Boeing has announced that the first flight of the 787 Dreamliner is expected by the end of 2009 and the first delivery is expected to take place in the fourth quarter of 2010.
According to Boeing, the new schedule reflects the previously announced need to reinforce an area within the side-of-body section of the aircraft, along with the addition of several weeks of schedule margin to reduce flight test and certification risk. The company projects achieving a production rate of 10 aircraft per month in late 2013.
‘The design details and implementation plan are nearly complete and the team is preparing aeroplanes for modification and testing,’ said Jim McNerney, Boeing’s chairman, president and chief executive officer.
The 787 team working on the side-of-body reinforcement has completed initial testing and is finalising design details of new fittings that are expected to ensure full structural integrity of the joint.
The static test procedure that uncovered the issue will be repeated and the results analysed before the first flight is conducted. In addition, fatigue testing will be performed on stringer components to validate the long-term durability of the modification.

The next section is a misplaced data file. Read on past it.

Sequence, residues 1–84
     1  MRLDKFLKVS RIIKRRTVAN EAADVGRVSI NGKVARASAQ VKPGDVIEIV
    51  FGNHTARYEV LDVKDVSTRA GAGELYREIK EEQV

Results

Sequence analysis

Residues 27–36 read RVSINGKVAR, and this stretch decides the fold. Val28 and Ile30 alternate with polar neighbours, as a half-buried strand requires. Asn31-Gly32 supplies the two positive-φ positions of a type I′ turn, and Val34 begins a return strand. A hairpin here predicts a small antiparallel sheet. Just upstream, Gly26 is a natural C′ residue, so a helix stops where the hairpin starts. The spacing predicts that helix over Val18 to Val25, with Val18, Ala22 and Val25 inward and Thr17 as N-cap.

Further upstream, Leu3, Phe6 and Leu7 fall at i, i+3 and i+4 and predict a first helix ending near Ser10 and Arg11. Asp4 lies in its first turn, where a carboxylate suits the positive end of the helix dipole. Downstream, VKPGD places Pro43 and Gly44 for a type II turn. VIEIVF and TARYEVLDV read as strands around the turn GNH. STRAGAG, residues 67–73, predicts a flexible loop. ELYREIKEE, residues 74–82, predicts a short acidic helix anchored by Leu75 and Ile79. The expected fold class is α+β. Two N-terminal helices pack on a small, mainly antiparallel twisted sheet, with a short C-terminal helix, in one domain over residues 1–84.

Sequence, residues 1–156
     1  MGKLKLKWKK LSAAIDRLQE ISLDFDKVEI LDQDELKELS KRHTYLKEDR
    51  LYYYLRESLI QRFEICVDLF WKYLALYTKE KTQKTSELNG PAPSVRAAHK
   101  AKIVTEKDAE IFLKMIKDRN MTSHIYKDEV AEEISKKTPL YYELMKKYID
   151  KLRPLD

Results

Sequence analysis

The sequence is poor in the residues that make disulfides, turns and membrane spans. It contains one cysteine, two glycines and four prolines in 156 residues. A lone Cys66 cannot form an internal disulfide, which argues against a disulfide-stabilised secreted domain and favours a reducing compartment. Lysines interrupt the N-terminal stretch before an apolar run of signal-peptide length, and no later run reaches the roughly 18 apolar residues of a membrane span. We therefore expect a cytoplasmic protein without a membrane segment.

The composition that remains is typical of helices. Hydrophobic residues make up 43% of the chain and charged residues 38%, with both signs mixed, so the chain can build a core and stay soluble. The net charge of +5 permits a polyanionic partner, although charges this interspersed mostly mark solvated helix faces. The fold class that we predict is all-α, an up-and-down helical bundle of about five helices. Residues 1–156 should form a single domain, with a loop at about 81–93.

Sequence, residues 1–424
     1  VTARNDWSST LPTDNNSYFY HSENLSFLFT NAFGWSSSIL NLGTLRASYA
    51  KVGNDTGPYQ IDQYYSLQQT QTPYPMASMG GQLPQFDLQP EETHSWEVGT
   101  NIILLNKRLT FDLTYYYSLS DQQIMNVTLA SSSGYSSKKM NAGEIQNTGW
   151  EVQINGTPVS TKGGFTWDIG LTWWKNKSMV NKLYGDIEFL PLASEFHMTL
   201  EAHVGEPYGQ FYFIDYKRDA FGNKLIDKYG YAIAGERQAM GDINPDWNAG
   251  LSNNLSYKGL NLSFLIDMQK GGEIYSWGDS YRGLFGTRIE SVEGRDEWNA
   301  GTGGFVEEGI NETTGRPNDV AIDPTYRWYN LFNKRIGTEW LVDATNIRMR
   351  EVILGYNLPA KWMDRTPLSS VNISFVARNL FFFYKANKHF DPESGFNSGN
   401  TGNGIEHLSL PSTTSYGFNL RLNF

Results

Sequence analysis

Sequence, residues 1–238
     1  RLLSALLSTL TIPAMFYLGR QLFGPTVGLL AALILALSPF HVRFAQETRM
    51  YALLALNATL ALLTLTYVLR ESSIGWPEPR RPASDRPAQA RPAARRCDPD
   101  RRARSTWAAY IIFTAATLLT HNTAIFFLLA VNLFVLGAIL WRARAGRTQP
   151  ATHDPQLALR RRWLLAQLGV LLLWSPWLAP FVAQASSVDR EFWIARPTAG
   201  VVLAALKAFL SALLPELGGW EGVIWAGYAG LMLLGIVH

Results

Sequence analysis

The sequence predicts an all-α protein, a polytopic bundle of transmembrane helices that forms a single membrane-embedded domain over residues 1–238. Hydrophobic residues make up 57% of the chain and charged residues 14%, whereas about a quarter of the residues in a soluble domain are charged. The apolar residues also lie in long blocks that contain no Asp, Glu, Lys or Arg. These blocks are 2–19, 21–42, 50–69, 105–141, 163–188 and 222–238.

The first 787 test aircraft and static test unit have been prepared for the new fittings and installation is expected to begin within the next few weeks.
In view of this latest announcement, Boeing has concluded that the initial flight-test aircraft have no commercial market value beyond the development effort because of the inordinate amount of rework and unique and extensive modifications made to those aircraft.
Costs previously recorded for the first three flight-test aircraft will be reclassified from programme inventory to research-and-development expense, resulting in an estimated non-cash charge of $2.5bn (£1.5bn) pre-tax, or $2.21 per share, against third-quarter results.
Currently, the 787 Dreamliner has 865 orders from 56 airlines.